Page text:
Extended Coronavirus Job Retention Scheme
In early November Chancellor of the Exchequer Rishi Sunak announced the extension of the Coronavirus Job Retention Scheme and the Self-Employment Income Support Scheme grant. The announcement was made ahead of the Prime Minister’s statement confirming that he would be bringing in a second national lock-down in an attempt to curtail the spread of COVID-19 as we head into the 2020 ‘flu season.
Both the CJRS and SEISS initiatives remain largely unchanged from the original schemes, but with a few differences that employers should be aware of. Both schemes will run until March 2021, when the now-postponed Job Support Scheme will be introduced.
During the period of November to January, the government will provide grants of up to 80%, or £2,500pm, for hours not worked. It is anticipated that this will be reviewed in the New Year, with the possibility that employers will be asked to contribute a proportion of furloughed workers’ salaries and wages.
Changes that came in to effect on 1 July allowed employers to part-furlough employees, allowing them to work part-time hours while receiving a salary or wages top-up of up to 80% of the proportion of hours not worked. A furloughed employee retains their employment rights, including SSP, annual leave, and maternity/paternity leave. It may also be possible for employers to take further advantage of the CJRS to offer furloughed employees job-related training.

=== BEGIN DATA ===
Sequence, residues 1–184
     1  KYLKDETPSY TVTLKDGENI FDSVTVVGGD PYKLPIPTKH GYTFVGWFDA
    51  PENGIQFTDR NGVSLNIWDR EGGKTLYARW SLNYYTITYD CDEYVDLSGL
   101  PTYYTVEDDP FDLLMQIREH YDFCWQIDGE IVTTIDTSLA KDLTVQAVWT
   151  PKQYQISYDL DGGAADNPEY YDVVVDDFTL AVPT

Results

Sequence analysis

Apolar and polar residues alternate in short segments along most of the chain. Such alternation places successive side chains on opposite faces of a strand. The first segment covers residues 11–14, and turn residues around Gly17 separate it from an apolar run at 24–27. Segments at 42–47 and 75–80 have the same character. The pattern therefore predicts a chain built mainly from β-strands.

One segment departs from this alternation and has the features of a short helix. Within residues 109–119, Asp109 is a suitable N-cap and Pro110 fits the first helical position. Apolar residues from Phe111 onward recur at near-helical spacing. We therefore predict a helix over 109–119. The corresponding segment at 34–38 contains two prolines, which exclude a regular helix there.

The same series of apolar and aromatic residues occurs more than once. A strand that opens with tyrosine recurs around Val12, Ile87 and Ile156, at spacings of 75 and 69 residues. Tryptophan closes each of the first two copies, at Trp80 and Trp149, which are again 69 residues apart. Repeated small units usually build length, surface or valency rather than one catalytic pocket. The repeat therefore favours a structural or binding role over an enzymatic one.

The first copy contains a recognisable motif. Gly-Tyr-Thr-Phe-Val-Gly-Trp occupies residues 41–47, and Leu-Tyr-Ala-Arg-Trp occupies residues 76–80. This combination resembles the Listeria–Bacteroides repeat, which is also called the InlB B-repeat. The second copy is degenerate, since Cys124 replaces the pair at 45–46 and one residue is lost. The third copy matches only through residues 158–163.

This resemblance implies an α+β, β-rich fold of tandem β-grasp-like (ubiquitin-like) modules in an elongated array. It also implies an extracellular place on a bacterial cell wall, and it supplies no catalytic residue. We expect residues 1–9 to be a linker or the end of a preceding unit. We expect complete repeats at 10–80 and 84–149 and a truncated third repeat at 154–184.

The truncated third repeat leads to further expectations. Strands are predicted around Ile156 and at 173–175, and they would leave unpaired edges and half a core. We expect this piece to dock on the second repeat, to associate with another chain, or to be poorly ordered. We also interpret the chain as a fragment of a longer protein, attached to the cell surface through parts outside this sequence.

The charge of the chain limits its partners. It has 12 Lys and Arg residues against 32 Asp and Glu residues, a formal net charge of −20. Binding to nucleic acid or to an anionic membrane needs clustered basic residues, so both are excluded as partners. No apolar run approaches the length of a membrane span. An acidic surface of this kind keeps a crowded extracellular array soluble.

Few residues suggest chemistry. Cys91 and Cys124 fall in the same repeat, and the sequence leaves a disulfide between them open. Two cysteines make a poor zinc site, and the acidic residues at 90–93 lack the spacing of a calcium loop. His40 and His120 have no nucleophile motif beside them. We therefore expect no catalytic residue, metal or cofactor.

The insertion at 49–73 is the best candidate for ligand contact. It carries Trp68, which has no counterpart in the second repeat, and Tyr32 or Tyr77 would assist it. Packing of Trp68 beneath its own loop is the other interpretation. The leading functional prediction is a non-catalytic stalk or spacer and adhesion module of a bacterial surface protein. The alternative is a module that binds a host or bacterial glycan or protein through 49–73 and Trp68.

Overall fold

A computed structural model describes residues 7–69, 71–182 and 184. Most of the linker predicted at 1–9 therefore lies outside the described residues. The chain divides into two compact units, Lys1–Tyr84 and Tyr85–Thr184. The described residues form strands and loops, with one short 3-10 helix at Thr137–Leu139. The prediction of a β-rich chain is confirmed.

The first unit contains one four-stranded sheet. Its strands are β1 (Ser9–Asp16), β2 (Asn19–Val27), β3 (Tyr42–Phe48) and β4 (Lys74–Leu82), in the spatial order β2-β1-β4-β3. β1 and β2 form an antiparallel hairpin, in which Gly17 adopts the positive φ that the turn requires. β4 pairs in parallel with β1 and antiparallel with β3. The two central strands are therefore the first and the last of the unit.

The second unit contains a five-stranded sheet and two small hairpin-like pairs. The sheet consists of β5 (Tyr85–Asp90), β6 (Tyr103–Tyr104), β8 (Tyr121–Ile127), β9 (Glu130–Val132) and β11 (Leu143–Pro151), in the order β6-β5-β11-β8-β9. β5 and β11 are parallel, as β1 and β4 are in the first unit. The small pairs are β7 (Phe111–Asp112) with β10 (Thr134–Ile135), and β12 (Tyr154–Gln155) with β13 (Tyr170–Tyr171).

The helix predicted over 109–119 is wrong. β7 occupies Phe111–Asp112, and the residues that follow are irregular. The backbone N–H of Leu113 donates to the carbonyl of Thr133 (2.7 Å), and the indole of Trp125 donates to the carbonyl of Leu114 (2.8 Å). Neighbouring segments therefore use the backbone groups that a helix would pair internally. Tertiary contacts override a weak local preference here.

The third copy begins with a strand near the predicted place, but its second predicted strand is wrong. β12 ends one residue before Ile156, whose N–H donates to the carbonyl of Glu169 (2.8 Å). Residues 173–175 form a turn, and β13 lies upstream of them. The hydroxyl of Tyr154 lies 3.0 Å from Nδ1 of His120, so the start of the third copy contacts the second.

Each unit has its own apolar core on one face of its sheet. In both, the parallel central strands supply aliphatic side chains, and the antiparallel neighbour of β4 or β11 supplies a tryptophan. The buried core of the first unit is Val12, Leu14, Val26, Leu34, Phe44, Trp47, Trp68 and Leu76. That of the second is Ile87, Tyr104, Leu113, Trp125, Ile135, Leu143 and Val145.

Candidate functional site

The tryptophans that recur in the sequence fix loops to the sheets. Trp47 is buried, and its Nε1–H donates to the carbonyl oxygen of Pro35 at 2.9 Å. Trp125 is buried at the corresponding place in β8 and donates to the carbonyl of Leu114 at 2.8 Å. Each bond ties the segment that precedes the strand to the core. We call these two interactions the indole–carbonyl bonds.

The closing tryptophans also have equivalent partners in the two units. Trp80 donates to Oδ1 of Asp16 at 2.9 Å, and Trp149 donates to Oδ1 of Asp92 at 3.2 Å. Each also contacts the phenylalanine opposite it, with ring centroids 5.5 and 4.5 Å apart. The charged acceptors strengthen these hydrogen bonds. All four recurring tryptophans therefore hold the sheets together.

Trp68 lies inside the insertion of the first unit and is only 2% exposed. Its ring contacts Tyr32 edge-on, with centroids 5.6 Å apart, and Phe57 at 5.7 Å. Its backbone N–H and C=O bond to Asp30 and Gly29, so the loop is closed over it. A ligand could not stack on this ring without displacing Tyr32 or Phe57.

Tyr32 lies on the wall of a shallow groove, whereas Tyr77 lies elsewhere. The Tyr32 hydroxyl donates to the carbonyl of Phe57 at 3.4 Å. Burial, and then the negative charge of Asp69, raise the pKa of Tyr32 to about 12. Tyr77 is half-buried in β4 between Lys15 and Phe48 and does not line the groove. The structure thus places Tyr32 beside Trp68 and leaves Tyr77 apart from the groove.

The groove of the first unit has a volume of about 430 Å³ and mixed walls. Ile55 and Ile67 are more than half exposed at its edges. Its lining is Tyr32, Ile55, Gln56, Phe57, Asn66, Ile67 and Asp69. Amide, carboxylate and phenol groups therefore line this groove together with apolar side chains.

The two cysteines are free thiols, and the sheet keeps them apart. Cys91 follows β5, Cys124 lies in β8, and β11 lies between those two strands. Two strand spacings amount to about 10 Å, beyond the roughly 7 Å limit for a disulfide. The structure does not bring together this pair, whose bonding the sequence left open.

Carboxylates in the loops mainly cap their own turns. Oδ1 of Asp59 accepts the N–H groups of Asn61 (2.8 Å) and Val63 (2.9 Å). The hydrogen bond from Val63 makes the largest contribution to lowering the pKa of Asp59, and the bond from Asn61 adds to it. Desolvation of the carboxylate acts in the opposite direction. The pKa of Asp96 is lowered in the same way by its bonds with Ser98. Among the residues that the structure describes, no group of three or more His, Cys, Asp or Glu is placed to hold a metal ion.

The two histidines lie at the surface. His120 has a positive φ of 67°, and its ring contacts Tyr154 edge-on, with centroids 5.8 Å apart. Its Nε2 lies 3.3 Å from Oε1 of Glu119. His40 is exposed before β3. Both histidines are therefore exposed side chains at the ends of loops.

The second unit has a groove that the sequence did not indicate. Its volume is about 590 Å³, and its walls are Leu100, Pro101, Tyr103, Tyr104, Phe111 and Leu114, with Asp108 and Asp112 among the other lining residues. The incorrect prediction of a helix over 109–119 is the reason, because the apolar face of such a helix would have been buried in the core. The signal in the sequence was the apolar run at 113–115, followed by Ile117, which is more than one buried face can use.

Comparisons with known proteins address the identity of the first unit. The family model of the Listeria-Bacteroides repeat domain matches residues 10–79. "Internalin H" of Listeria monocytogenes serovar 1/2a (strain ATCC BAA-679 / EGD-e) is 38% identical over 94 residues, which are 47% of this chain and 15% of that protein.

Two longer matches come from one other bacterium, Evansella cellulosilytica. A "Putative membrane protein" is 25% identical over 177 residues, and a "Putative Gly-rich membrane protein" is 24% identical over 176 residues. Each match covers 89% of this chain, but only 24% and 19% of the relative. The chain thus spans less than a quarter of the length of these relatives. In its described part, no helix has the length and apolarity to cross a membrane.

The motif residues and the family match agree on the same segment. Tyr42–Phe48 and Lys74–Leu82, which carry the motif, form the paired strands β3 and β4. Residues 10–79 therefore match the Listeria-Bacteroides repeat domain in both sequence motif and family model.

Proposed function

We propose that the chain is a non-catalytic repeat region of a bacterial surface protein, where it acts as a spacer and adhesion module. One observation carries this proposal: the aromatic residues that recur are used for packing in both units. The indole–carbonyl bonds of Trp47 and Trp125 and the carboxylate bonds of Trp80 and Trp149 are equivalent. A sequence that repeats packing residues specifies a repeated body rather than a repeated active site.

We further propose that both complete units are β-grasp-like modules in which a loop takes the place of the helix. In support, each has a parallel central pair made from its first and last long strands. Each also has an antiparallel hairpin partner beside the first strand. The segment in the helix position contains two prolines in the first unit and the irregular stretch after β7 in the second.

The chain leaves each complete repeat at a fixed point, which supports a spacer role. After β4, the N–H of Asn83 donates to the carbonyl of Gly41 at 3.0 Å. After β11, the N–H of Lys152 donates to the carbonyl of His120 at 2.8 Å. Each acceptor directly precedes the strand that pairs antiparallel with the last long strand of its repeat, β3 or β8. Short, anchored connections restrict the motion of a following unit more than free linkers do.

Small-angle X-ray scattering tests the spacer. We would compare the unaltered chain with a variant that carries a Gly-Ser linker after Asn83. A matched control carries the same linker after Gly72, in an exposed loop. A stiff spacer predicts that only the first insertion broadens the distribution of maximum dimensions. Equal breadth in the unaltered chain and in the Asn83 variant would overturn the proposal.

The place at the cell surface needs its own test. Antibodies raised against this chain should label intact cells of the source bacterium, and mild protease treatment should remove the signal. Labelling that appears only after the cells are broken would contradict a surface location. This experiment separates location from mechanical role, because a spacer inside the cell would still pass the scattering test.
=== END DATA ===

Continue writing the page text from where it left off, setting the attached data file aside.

Self-employed people will be able to make a claim for SEISS under the extended grant scheme at the end of November. This will be paid in two parts, each covering three month periods. The terms for applying for this grant are unchanged, and will keep their status as taxable income and will be subject National Insurance contributions.
Furlough on a national scale is an unusual occurrence here in Great Britain, and few people carry the experience required to navigate complex legal issues that it can involve. Aughton Ainsworth has an established history in helping employers and employees with difficult and stressful situations that can arise.< Back to News